Riddled with defunct welfare schemes

Riddled with defunct welfare schemes

Riddled with defunct welfare schemes


Pratap Bhanu Mehta recently wrote an article in Indian Express covering the Brahmin Welfare Corporations established in the three southern States of Andhra Pradesh, Telangana and Karnataka and calling it a sign of great Indian tragedy.

Pratap Bhanu Mehta recently wrote an article in Indian Express covering the Brahmin Welfare Corporations established in the three southern States of Andhra Pradesh, Telangana and Karnataka and calling it a sign of great Indian tragedy.

If only he had cared to recheck whether the websites of these Corporations were up to date he would not have had to take the trouble of criticising at length schemes like 'Veda Vyasa Scheme for Vedic Education'. Government websites are notoriously outdated and any conclusions drawn based on information given there without rechecking can lead to wrong conclusions.

None of these schemes listed on the website exist as on date in Andhra Pradesh .All the schemes are subsumed as part of Jagananna Aseervadam or Rajanna Bharosa, trying to take political mileage in the names of the present day Chief Minister Jagan Mohan Reddy and his father Rajasekhara Reddy.

In the other two States of Telangana and Karnataka some of the schemes do exist and are available just as they are available for other communities through different Corporations set up to make these benefits available to those communities.

An exclusive focus on these organisations ignoring the existence of similar organisations for a number of other communities set up by the State governments gives the wrong impression to the reader whether these State governments are only focusing on disbursing benefits to this one particular community only.

The marginalised sections of the forward community whichever is that community suffer the double whammy of being labelled as forward while at the same time remaining extremely backward. The well- to- do and those who had the benefit of taking advantage of entitlements available to the forward community turn out to be a curse to the the marginalised sections within that community who are judged based on the attainments of these elites.

They can from the comfort of ivory towers of the foreign universities tweet and sermonize "Brahmin lives do not matter". In fact it is the lives of these elites that may not matter but not the marginalised sections within the community who bear the brunt for the success of these elites.

High social status and low economic prosperity is a problem most of these marginalised sections of the Brahmin community faced post-Independence and there definitely was a case for certain amount of state support.

In a democracy such state support need not necessarily come because someone is deserving. It only comes when you are politically relevant. 2014 general elections made this community politically relevant in Andhra Pradesh.

The fact that TDP and BJP came together, and the fear of Christianity under Jagan Mohan Reddy consolidated the voting of this Brahmin community in Andhra Pradesh with TDP. Traditionally they were perceived to be anti-TDP and pro-Congress but in this election there was en bloc shift in favour of TDP.

Someone who accompanied Chandrababu Naidu on his election campaign during this time told me the reception they got, and enthusiastic crowds that cheered them when they went to Brahmin localities took Naidu by surprise and that laid the seeds for a separate corporation for the community in Andhra Pradesh, which subsequently other two Southern States followed.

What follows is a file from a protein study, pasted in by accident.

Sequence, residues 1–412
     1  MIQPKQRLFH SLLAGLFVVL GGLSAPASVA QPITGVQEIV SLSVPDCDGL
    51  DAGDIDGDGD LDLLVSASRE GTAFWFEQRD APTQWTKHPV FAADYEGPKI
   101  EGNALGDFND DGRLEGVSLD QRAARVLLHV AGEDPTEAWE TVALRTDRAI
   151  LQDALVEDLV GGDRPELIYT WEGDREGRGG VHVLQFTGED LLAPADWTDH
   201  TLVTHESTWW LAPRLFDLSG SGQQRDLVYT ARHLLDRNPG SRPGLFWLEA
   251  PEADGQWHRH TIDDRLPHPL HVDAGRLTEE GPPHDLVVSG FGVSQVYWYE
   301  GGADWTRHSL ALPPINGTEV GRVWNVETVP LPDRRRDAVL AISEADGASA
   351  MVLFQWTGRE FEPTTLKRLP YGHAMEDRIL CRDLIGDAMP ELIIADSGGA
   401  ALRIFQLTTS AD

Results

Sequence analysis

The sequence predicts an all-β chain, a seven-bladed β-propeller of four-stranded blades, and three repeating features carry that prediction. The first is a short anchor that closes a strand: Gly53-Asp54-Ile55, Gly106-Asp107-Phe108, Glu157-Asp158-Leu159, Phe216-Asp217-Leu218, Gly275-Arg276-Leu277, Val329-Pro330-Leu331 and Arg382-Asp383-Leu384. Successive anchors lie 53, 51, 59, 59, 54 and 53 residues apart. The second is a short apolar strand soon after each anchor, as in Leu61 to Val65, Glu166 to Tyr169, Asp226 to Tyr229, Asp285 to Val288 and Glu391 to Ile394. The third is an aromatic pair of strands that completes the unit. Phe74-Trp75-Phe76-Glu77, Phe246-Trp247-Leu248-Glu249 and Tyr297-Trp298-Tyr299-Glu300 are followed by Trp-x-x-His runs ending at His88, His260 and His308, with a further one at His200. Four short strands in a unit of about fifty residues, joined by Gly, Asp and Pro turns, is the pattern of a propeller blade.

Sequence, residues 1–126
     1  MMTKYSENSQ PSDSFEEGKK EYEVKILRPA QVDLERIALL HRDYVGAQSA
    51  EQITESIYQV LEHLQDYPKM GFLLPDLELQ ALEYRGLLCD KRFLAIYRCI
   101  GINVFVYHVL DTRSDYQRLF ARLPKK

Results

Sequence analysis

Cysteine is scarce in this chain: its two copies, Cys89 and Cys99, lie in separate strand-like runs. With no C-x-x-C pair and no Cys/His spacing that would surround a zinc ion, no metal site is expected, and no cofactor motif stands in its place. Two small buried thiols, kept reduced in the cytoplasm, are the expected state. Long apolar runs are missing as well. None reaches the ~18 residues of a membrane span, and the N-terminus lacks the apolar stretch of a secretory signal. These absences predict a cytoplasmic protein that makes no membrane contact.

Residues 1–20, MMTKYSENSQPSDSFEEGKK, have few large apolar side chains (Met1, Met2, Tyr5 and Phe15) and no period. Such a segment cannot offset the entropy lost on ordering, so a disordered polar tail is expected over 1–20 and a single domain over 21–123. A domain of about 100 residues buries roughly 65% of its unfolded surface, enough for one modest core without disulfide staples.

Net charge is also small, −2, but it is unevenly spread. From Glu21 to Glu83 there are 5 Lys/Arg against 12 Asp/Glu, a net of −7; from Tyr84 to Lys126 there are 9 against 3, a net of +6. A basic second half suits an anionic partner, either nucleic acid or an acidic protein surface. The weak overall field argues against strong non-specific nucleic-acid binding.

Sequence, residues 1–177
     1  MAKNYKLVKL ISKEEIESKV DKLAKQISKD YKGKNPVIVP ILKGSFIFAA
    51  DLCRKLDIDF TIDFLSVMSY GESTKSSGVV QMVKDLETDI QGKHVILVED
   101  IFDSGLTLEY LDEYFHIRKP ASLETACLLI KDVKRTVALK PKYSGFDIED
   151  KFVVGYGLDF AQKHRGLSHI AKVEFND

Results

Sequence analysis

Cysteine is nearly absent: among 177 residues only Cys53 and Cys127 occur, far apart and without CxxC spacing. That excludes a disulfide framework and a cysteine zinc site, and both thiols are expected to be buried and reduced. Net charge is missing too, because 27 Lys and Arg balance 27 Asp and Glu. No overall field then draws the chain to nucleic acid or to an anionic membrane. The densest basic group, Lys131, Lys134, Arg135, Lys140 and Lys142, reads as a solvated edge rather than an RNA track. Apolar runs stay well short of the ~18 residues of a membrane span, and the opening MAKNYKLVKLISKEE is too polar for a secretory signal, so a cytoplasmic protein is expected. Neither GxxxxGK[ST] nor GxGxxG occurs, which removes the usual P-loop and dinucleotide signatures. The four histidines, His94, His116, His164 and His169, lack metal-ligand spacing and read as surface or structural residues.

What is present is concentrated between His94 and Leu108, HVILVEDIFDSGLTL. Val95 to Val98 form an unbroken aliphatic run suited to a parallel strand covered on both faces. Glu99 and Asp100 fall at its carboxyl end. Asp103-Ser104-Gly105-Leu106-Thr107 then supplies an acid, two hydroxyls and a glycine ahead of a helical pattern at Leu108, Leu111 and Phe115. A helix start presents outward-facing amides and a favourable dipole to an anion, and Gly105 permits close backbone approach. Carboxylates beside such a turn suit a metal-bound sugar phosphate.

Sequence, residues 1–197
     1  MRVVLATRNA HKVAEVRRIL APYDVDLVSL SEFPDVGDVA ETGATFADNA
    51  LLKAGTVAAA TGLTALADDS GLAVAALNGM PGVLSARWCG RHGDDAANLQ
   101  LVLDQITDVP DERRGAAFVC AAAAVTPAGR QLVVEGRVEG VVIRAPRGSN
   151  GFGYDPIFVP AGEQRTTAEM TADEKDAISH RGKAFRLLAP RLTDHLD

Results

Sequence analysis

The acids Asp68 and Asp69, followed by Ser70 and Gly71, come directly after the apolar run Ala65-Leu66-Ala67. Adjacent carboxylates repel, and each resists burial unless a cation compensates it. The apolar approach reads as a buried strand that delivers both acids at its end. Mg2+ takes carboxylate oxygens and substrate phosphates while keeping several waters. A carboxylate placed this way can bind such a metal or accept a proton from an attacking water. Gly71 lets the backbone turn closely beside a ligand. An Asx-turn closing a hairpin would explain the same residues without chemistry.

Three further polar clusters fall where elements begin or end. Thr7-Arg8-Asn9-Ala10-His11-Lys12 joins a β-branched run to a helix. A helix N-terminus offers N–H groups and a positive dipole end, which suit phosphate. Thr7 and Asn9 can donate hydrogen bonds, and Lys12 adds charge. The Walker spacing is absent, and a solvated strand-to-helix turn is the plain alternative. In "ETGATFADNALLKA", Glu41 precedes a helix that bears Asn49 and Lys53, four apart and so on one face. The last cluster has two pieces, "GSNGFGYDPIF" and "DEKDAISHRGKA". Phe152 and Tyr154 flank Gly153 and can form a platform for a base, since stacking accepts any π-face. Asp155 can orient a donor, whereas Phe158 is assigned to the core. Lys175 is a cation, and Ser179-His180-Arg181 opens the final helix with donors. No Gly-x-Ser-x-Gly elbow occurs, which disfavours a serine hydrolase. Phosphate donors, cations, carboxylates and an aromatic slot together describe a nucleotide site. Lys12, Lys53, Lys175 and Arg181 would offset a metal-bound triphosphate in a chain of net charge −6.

Reasons for the emergence of the Corporation for the community has more to do with political equations and winning combinations rather than "chief ministers across political parties seeing themselves as Hindu monarchs lording over a caste order and distributing benefits by caste" as the author of the article Pratap Bhanu Mehta summarised.

Some very desirable initiatives were adopted by AP Brahmin Corporation trying to reach out to the really deserving and marginalised by going beyond political affiliation for selection of beneficiaries, online application, electronic transfer of benefits, and mobilisation of the community as a political force.

But as I mentioned earlier the political dynamics of the day and the combinations decide the nature of the schemes and benefits in democracy. Today the Corporation exists only in name whatever benefits the government wants to disperse going as part of the schemes in the name of the Chief Minister and his father.

Regarding Mehta's comments on the Veda Vyasa Scheme for Vedic Education let me assure him there are no takers for the scheme when it was operational since Vedic education does not guarantee livelihood. Schemes like vehicle to run a taxi, start a small xerox machine, are more favoured than studying Vedas.

In fact as I used to remark as EO TTD after seeing the family profile of the students admitted into the Vedic school there, they mostly are those who cannot afford to join their children in LKG admit them in the Vedic schools . Of course, barring a few families who think it is a desirable learning.

If someone is looking for supporting the really marginalised sections of the community they can start with the families whose children study in Vedic schools.

It is true the Government support should go to the really deserving beyond caste and religion and more importantly beyond political affiliation, a point which Mehta failed to mention.

More than caste and religion it is the political affiliation that decides the favours from governments today since all parties would like to build up vote banks with public money. Caste and community are seen as a convenient way of building such vote banks.

(The author is former Chairman, Andhra Pradesh Brahmin Welfare Corporation)

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